Bruised world markets paused in their rush lower Tuesday as U.S. corporate news gave Wall Street some respite.
Stocks in Asia and Europe suffered another battering early in the day, led lower by Japan as markets took fright at weak manufacturing data that sent U.S. stocks plunging Monday.
The modest U.S. rebound led to a mixed close in Europe. Germany's DAX -- the region's star performer last year -- was the hardest hit, falling as much as 1%, but other regional indexes eked out narrow gains.
Japan's benchmark Nikkei index fell 4.2%, extending its tumble this year to just over 14%. The slide has put the index well into correction territory, and erased a big chunk of last year's stunning 57% gain.
The sell-off in Japan has been fueled by the broader flight from stocks but also by a stronger yen -- seen as a relative safe haven. The currency has gained about 3.7% this year after hitting a five-year low in January.
A much worse-than-expected reading on manufacturing activity in the U.S. was the main catalyst for investor discomfort on Monday.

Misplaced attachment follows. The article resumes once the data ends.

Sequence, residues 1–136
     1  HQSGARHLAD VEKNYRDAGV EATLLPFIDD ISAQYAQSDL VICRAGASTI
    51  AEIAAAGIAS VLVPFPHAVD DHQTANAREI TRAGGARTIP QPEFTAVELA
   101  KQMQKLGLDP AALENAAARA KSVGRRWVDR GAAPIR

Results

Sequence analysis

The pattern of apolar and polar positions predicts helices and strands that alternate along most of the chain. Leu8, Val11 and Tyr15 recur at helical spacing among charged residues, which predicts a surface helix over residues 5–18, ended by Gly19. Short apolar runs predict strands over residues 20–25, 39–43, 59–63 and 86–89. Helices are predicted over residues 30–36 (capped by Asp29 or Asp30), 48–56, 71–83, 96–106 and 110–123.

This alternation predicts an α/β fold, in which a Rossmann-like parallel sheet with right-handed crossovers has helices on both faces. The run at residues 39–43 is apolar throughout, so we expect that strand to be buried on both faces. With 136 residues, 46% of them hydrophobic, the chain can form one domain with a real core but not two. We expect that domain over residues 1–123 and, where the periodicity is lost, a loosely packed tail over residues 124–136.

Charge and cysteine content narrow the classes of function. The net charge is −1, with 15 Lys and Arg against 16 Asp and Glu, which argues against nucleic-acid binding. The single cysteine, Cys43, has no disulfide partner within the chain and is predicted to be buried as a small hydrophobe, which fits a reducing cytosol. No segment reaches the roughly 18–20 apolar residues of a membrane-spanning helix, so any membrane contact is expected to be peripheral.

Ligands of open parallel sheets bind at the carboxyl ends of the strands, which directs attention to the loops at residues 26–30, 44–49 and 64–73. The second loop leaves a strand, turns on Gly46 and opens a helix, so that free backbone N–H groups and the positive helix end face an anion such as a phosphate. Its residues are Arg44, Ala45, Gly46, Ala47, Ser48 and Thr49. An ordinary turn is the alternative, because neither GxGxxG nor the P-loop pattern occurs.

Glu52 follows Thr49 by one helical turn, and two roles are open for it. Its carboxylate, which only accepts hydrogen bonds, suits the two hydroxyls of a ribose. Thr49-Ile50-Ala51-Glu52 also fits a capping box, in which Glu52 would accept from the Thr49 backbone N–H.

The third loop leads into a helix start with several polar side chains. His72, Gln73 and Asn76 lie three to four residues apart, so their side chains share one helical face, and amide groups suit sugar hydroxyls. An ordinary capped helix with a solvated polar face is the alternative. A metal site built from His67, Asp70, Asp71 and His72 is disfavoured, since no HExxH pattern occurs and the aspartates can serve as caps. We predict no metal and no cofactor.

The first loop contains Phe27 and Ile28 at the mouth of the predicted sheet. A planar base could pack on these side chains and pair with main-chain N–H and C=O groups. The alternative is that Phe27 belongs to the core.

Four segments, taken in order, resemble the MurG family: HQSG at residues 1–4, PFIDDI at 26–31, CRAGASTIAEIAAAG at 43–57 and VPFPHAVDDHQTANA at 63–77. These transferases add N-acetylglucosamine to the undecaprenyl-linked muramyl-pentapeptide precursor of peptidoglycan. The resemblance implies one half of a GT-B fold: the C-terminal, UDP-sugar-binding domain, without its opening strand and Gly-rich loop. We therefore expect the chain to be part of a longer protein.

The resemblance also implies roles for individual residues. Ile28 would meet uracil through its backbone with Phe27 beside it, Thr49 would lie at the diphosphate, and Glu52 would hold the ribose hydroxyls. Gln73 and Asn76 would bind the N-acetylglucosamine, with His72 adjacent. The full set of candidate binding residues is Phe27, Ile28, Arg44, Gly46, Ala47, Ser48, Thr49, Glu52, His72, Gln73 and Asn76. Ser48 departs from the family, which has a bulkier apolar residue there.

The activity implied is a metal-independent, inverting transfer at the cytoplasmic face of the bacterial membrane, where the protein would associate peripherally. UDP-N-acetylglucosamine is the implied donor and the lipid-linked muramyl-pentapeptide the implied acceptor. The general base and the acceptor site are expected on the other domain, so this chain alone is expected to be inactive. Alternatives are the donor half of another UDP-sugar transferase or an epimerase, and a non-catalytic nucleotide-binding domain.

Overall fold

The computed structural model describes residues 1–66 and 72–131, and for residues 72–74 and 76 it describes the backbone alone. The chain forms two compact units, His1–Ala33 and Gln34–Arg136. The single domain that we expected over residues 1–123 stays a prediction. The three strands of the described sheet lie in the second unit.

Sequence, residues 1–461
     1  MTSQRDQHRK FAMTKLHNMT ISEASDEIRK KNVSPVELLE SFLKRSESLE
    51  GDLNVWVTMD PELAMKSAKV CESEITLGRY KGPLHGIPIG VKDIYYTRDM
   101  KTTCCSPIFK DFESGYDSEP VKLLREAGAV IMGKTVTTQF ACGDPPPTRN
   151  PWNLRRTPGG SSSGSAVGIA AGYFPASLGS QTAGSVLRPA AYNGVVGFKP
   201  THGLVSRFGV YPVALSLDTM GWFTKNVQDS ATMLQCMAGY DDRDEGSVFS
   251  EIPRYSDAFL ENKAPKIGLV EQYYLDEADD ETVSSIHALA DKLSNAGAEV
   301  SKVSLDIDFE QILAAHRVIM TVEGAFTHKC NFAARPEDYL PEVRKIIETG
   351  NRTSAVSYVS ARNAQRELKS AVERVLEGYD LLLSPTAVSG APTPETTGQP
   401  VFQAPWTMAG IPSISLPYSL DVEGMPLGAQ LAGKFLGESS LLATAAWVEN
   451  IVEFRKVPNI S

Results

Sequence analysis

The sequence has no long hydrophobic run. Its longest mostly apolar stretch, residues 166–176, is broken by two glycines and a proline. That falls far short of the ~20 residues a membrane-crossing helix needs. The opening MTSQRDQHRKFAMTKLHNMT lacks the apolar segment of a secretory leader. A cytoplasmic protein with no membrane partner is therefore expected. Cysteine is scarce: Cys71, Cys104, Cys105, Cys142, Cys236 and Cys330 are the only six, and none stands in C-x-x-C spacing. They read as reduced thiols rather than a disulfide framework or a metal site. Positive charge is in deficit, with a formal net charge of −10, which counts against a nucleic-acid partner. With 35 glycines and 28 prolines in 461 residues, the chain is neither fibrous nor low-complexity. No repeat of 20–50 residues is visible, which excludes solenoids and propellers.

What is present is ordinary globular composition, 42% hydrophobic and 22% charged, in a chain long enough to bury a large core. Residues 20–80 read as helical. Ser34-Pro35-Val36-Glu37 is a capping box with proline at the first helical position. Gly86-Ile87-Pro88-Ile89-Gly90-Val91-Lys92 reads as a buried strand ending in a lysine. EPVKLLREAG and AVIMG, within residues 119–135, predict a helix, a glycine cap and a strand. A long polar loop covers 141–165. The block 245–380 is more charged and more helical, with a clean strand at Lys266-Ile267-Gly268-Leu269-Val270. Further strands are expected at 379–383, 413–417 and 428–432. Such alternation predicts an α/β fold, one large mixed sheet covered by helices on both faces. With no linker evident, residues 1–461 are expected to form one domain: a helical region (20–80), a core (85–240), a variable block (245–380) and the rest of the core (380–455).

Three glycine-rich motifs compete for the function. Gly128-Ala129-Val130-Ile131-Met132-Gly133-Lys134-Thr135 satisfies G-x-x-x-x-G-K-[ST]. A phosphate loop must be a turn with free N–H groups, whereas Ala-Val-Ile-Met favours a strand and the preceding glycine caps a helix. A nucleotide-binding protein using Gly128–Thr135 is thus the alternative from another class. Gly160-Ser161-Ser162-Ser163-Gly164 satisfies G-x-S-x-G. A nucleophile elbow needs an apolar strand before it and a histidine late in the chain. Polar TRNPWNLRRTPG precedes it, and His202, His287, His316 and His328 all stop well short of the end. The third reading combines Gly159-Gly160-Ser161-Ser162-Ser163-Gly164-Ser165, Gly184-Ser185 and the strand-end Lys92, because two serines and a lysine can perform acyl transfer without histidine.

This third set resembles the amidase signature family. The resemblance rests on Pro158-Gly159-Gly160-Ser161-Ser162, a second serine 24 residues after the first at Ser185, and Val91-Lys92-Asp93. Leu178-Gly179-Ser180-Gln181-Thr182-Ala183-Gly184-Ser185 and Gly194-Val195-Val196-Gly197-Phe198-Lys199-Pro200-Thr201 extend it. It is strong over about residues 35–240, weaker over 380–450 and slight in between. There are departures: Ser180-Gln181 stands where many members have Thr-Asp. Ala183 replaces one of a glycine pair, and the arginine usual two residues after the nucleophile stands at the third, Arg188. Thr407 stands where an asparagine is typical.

World markets -- particularly in developing economies -- have been volatile in recent weeks as concerns bubble over global economic health. Investors have been pulling out of emerging markets in anticipation of rising U.S. interest rates as the Federal Reserve scales back its bond buying. The bet is that higher rates and a stronger dollar will make emerging market investments far less attractive.
Recent weeks have been marred by growing fragility in Turkey, India, Brazil, Indonesia and South Africa, as those countries have depended on foreign investment to finance imports. All are set to hold elections this year, promising months of political uncertainty and little impetus for reform.
Weakness in China's important manufacturing sector has only added to worries.
Emerging market stocks were weaker again Tuesday but some of the hardest hit currencies -- such as the Turkish lira and South African rand -- were looking more stable.
Many emerging economies have benefited over the past few years as the Fed and other central banks have pumped money into the global economy.
Investors yanked more than $6.3 billion from emerging market equity funds last week, the largest outflow on record in dollar terms, according to Boston-based fund tracker EPFR Global.